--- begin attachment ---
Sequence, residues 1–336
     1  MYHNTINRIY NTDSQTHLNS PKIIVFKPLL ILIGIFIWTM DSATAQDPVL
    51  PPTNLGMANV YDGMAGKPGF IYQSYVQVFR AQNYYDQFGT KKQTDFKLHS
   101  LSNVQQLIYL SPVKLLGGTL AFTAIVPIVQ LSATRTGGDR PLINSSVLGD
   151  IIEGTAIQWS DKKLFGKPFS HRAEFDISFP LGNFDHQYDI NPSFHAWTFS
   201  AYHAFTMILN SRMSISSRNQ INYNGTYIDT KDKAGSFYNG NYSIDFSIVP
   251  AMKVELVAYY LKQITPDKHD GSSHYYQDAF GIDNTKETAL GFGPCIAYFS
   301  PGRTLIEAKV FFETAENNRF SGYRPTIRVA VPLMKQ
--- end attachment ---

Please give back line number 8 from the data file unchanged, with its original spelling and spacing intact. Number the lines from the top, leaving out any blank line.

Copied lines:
   301  PGRTLIEAKV FFETAENNRF SGYRPTIRVA VPLMKQ